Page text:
Thursday, July 8, 2010

What Does "Local" Mean for School Food?

By Ed Bruske
aka The Slow Cook

D.C. Schools are set to start two pilot meal programs that would require food vendors to supply at least 20 percent of ingredients from sources in the Mid-Atlantic region, defined as Maryland, Virginia, West Virginia, Pennsylvania, Delaware, New Jersey, North Carolina and the District of Columbia.

Making school meals with local produce has been promoted as a way of serving fresher, more appetizing fruits and vegetables to kids and was embraced in "Healthy Schools" legislation recently approved by the D.C. Council. "Healthy Schools" also encourages schools to use produce grown according to "sustainable" farming methods.

The "Healthy Schools" act requires all public schools in the District to identify the sources of their meal ingredients and rewards the use of local products by providing a five-cent bonus for every meal that contains locally-sourced ingredients.

Up to now, fruits and vegetables in D.C. Public Schools have been provided by the school system's contracted food services provider--Chartwells--which relies for its purchases on a national food distribution system.

The salad mix served in D.C. schools, for instance, consists of shredded iceberg lettuce, carrots and purple cabbage grown and processed in California. Apples sometimes come from as far away as New Zealand. When I spent a week as an observer in the kitchen of my daughter's elementary school--H.D. Cooke--a mix of broccoli, carrots and cauliflower came from Mexico.

One of the reasons schools don't use more local produce is because local farmers are not connected to a large-scale distribution system. Keany produce, one of the area's larger distributors, located in Landover, MD, does offer customers locally-grown selections. D.C. Central Kitchen, which provides thousands of meals to the needy every day, and provides foods for some schools through it's catering arm, Fresh Start Catering, sources much of its produce from a food auction site in Virginia's Shenandoah Valley.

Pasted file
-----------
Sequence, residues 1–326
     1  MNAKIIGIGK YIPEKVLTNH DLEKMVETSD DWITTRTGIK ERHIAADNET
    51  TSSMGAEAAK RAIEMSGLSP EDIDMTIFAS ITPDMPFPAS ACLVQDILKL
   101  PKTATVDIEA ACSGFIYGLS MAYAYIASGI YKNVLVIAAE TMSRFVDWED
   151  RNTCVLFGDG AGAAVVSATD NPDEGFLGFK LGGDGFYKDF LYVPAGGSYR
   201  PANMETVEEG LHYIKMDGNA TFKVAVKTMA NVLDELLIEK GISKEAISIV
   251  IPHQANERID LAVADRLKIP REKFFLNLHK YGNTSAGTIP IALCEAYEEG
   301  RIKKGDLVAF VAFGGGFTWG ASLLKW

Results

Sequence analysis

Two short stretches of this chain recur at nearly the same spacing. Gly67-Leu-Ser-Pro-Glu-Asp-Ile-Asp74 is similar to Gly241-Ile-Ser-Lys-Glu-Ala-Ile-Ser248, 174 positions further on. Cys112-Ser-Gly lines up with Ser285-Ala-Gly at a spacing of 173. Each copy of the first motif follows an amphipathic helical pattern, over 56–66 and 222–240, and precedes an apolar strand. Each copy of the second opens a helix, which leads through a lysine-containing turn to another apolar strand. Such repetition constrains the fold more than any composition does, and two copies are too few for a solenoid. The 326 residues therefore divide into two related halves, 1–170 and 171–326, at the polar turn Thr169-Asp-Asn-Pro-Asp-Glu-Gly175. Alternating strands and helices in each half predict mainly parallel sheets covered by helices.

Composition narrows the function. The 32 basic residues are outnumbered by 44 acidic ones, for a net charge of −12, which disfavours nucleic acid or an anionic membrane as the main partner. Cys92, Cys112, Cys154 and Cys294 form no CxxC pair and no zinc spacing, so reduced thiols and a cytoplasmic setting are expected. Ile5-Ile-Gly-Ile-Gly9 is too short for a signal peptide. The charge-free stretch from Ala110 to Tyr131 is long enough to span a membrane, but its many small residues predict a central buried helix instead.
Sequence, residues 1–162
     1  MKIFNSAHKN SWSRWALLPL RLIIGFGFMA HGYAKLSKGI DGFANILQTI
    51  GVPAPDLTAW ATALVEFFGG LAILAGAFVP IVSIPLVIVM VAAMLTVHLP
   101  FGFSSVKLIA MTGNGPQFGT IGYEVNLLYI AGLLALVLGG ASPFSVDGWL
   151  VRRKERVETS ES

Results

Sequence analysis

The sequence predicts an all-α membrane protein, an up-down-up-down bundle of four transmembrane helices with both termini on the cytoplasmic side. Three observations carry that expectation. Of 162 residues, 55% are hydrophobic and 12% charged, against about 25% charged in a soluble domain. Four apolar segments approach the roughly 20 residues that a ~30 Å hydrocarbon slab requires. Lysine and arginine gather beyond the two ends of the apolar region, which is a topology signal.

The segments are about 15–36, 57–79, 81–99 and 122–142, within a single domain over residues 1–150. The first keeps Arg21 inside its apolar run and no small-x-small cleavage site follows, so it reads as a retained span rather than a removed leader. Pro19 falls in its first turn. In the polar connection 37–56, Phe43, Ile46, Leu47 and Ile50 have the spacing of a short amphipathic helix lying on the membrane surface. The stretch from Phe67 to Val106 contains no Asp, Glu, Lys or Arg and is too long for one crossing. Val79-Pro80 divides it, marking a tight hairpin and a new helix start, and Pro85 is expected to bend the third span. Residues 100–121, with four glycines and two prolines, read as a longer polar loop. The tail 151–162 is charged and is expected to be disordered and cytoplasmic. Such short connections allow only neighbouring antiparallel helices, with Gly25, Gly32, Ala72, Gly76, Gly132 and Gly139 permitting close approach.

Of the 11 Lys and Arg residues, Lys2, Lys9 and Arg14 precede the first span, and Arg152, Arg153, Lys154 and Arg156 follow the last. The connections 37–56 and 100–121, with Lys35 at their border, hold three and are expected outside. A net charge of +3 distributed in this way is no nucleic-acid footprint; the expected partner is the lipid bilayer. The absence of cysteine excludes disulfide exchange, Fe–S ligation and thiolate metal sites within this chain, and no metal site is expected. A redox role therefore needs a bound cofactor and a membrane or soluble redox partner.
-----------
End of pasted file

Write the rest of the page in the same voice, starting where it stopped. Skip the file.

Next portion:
What difference does "local" make for school meals?

Most of the vegetables served in D.C. schools are never eaten because they are cooked to death and served as dull-looking side dishes that kids reject. Simply replacing those vegetables with locally-grown produce won't make any difference at all. Broccoli, after all, is still broccoli, whether it's grown in California or Maryland. It all comes down to kitchen skills and presentation.

In Berkeley, CA, where I worked for a week as a "kitchen lady" to see how one of the country's most progressive school food operations worked, vegetables rarely were served as side dishes. Instead, they were mixed into sauces and soups, or tossed into pasta and other dishes. Even so, the kids I served in the food line often went to great lengths to avoid vegetables.

Under the proposed pilot schemes, the 20 percent figure does not refer to a quantity of local produce, but is calculated according to price. In other words, local products are to represent 20 percent of the cost of food ingredients. Thus, if the local goods are more expensive, kids might see proportionately less of them on their trays.

This is just one more wrinkle food vendors involved in these pilot programs will have to deal with in order to comply with food service contracts loaded with new standards and requirements, but paid for with the same old budget. It's a tall order.

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